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As part of a sampling of a sampling of performances at the building’s grand opening on March 2, the Merge Dance Company performs “Horizons,” an act composed by Peter Louis van Dijk, the university’s composer-in-residence during the spring 2012 semester. Under the direction of Ana Baer and Michelle Nance, Merge has performed at venues in Boulder, Colo.; Los Angeles; and New York as well as in cities across Texas. PHOTO by CHANDLER PRUDE, © 2014 TEXAS STATE UNIVERSITY

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Merge Dance Company. PHOTO by CHANDLER PRUDE, © 2014 TEXAS STATE UNIVERSITY

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Merge Dance Company. PHOTO by CHANDLER PRUDE, © 2014 TEXAS STATE UNIVERSITY

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The university’s musical theatre troupe performs the finale to Act 1 of “Anything Goes” by Cole Porter. Directed by Kaitlin Hopkins, the performance part of a four-act grand opening production for the new performing arts center, which featured students from the musical theater, dance, opera and chorale programs. PHOTO by CHANDLER PRUDE, © 2014 TEXAS STATE UNIVERSITY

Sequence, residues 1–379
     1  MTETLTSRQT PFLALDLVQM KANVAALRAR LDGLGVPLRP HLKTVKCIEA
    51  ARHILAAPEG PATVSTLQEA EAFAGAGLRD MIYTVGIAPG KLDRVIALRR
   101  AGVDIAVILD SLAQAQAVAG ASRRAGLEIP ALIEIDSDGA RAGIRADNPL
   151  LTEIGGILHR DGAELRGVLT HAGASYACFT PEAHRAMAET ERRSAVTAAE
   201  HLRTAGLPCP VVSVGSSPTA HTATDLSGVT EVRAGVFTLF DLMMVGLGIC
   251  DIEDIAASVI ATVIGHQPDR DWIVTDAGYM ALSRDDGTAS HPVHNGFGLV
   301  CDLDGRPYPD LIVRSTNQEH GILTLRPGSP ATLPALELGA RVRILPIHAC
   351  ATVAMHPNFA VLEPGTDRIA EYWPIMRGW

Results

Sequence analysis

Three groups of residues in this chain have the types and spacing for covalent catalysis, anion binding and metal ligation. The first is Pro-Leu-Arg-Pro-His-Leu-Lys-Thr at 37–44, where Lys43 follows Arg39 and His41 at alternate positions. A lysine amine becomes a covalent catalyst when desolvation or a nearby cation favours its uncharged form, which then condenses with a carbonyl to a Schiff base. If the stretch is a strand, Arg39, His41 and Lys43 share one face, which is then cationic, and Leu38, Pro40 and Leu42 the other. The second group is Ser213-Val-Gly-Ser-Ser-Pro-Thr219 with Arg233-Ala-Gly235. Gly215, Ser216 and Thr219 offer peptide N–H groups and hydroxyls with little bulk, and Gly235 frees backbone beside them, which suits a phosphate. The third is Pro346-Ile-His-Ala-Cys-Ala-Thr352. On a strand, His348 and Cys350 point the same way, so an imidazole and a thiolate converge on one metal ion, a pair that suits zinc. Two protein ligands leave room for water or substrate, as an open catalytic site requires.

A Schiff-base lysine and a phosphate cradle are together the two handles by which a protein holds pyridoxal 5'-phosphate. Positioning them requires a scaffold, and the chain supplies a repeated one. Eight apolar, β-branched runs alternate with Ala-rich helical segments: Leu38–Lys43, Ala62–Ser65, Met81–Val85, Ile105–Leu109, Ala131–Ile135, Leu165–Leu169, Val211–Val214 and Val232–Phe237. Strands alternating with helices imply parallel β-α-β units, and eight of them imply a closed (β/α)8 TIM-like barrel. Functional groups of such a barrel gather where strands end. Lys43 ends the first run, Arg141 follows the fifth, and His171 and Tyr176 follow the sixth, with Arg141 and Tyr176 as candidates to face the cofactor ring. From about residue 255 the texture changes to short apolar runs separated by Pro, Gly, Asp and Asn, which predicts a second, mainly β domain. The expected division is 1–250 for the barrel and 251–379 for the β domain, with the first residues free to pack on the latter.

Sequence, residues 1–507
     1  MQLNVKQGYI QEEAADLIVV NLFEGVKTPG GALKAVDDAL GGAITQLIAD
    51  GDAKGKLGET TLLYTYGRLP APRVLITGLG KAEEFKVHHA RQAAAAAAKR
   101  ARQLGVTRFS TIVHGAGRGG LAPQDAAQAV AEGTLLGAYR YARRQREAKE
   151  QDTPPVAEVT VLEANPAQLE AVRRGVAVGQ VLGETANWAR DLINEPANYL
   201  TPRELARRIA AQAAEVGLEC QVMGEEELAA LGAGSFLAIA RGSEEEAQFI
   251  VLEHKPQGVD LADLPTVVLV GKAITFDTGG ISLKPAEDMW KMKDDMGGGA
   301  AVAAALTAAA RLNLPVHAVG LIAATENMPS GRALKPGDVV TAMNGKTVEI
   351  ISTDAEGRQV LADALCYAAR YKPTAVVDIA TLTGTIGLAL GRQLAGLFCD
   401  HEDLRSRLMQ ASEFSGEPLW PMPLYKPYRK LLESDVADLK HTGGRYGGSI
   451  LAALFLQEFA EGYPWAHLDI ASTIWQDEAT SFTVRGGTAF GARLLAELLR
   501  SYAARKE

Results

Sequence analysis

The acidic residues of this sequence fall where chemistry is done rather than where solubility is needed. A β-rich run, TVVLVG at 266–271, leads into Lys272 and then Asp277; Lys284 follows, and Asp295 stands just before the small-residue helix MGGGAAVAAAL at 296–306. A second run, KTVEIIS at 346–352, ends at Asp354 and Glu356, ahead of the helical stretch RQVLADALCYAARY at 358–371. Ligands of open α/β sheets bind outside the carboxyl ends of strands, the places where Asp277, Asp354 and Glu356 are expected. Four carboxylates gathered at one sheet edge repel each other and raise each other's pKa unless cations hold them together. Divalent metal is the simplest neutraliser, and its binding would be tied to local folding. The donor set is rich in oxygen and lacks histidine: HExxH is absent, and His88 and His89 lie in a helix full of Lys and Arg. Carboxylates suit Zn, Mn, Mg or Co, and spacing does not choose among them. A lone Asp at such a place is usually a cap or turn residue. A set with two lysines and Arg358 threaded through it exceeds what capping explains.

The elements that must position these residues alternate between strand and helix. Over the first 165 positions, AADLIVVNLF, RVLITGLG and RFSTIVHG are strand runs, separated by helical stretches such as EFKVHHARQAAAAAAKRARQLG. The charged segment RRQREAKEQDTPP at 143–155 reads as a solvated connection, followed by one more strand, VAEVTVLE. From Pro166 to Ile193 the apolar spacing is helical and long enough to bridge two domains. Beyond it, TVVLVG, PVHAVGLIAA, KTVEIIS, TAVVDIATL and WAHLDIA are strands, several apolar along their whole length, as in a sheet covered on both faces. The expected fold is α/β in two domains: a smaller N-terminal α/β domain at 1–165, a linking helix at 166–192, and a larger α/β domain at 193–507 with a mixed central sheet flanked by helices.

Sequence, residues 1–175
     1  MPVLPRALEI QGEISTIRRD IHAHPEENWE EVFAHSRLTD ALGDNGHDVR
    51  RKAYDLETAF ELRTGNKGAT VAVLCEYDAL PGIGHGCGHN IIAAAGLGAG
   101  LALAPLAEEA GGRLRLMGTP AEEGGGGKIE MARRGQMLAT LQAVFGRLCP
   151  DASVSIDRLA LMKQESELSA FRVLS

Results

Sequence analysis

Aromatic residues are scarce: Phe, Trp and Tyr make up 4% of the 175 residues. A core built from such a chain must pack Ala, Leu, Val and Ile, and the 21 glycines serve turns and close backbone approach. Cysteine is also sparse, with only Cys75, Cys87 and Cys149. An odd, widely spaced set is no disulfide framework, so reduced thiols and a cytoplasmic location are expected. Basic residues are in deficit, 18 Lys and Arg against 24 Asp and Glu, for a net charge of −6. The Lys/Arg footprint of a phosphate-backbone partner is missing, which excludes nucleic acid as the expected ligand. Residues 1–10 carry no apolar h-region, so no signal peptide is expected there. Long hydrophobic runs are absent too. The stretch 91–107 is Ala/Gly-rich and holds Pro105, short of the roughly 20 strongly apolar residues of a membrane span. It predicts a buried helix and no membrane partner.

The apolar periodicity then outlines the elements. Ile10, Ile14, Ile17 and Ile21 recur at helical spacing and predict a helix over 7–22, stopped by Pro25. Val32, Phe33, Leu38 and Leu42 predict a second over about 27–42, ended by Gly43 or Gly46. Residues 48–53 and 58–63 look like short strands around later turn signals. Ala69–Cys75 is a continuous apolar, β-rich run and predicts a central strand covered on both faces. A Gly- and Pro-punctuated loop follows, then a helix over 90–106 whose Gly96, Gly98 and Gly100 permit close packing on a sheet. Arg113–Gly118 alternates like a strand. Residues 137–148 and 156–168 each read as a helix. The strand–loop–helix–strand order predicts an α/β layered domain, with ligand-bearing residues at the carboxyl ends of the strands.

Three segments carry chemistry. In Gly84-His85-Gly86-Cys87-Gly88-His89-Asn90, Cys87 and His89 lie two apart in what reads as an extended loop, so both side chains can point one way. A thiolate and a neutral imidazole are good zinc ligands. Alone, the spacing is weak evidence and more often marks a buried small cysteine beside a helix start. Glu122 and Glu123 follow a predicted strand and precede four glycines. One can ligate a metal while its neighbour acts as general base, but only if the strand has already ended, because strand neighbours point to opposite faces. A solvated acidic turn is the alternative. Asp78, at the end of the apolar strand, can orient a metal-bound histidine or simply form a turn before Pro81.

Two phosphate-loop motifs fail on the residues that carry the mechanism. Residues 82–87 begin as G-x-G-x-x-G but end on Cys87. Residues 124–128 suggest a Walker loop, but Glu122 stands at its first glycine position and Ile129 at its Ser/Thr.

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Vocalists from a composite of Texas State ensembles — the University Singers, the Women’s and Men’s Choirs and the Texas State Chorale — performed the finale from “Candide” by Leonard Bernstein at the grand opening of Texas State’s Performing Arts Center on March 2. Dr. Sam Mungo directed the combined performances from the four groups. PHOTO by CHANDLER PRUDE, © 2014 TEXAS STATE UNIVERSITY

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PHOTO by CHANDLER PRUDE, © 2014 TEXAS STATE UNIVERSITY

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Jordan Van severe, playing Osmin, co-starred with Erin English as Cunegonde in the opera program’s staging of a scene from “Die Entfuhrung aus dem Serail” (The Abduction from the Seraglio) by Mozart at the Texas State Performing Arts Center on March 2. PHOTO by CHANDLER PRUDE, © 2014 TEXAS STATE UNIVERSITY

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Designed by Houston-based Morris Architects, the 69,122-square-foot Texas State Performing Arts Center is among the largest single capital improvement projects completed at Texas State University in the last decade. The contractor was Austin-based Hunt Construction Group. PHOTO by CHANDLER PRUDE, © 2014 TEXAS STATE UNIVERSITY


The photographs were originally published in the BEHOLD photo and art blog on the San Marcos Mercury./a>.